Many sources offer gun trusts. Some of these sources are licensed attorneys—some of these sources are not. The primary advice we can offer regarding gun trusts is this: If you think a professional is expensive, try an amateur.
We offer gun trusts because we use them ourselves. Whether your goal is to purchase a suppressor or short-barreled rifle, to acquire something more exotic, or to build you own hardware, we believe gun trusts are a superior solution to gun ownership and for compliance with the National Firearms Act.
- What a gun trust can do A gun trust is a tool, a legal fiction, that exists as a creature of state law. Usually created by contract, the trust vests all power and authority into a trustee. The trustee then holds the trust property for the benefit of one or more beneficiaries. Apart from a few statutory requirements, the trustee’s obligations are largely governed by the trust contract. A Texas trust can exist without oversight from the Texas Secretary of State’s office. Unlike corporate entities, trusts and their records are private. However, like a corporate entity, a trustee can own property, sell property, use property, engage in commercial activities with trust property, and apply for and obtain licenses, permits, and similar authorizations—all in the name of the trust, or in the trustee’s official capacity (rather than the trustee’s personal capacity). This allows the trustee to maintain trust business as a separate series of activities from the trustee’s personal activities.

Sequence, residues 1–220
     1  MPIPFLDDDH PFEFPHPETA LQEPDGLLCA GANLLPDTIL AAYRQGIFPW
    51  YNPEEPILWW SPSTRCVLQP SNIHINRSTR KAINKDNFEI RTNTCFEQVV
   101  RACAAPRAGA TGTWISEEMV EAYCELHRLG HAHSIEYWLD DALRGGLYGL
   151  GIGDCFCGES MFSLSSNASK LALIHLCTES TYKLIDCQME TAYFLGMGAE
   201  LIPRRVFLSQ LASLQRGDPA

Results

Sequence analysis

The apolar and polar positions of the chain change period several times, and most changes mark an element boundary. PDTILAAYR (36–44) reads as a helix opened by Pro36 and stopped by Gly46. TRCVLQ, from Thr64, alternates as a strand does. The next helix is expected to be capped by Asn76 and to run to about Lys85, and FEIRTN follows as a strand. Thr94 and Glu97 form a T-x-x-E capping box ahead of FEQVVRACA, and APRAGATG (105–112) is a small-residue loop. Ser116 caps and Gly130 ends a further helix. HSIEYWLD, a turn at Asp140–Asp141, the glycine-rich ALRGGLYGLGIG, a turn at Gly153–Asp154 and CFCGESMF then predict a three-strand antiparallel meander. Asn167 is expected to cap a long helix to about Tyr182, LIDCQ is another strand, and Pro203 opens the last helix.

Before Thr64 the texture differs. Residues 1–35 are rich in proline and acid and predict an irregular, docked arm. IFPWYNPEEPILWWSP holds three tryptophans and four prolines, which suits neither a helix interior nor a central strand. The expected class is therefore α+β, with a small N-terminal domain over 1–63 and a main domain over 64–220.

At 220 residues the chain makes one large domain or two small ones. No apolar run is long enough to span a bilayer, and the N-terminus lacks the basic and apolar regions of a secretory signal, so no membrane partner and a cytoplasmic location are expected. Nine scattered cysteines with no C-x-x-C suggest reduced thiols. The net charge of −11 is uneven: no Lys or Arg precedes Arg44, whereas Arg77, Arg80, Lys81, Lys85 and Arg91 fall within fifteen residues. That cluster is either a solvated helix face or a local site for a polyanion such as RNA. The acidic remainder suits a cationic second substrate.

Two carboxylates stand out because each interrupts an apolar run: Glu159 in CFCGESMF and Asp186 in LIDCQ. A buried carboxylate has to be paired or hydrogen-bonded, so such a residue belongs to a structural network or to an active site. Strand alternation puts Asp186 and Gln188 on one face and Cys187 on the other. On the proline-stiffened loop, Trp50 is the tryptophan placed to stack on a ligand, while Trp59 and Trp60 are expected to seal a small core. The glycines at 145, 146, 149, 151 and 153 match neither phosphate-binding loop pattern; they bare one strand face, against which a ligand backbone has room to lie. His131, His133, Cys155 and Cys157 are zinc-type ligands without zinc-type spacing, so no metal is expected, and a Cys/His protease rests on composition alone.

- What a gun trust cannot do A gun trust cannot last forever. While corporate entities are allowed to maintain perpetual existence, that existence comes at a cost of (1) filing paperwork that will be available to the public, and (2) annual or periodic filing with the state. Further, unlike corporate entities, a trust is not a separate “person” under state law. The trustee is liable for all trust business, but only in the trustee’s official capacity (with a few exceptions).
- Advantages of a gun trust In addition to the distinctions listed above, a gun trust is generally easier to manage. All authority is consolidated into a single trustee. Under Texas law, a trustee may have the power to appoint lower offices, such as trust agents or trust officers, to assist the trustee in the administration of the trust. Also, a gun trust can be used to complement or supplement existing estate planning strategies. While many individuals who use gun trusts do so for compliance purposes, gun trusts may be used to ensure that the right people inherit weapons. Of course, like other trusts, a properly formed gun trust can offer some shelter for all firearms, whether they are rare or common. Finally, gun trusts are easy to create. They can generally be formed in a single business day, following a consultation. No outside approvals for the creation of the trust are required.
- Compliance with federal law Properly written gun trusts can be used to streamline and simplify compliance with the National Firearms Act, and such trusts have been used to purchase or build the following types of items:
- Short-barreled rifles
- Short-barreled shotguns
- Machine guns (purchase only)
- Supplemental Services Our firm will assist you in the preparation of your gun trust, offering consultations prior to any decision you make we also offer the following services in conjunction with your gun trust needs:
- Existing gun trust review, and revision
- Assistance with completing federal forms
- Estate planning regarding the safekeeping of firearms
- Consultations regarding the use of trusts for commercial purposes
We have offices in Houston, Midland, and San Antonio.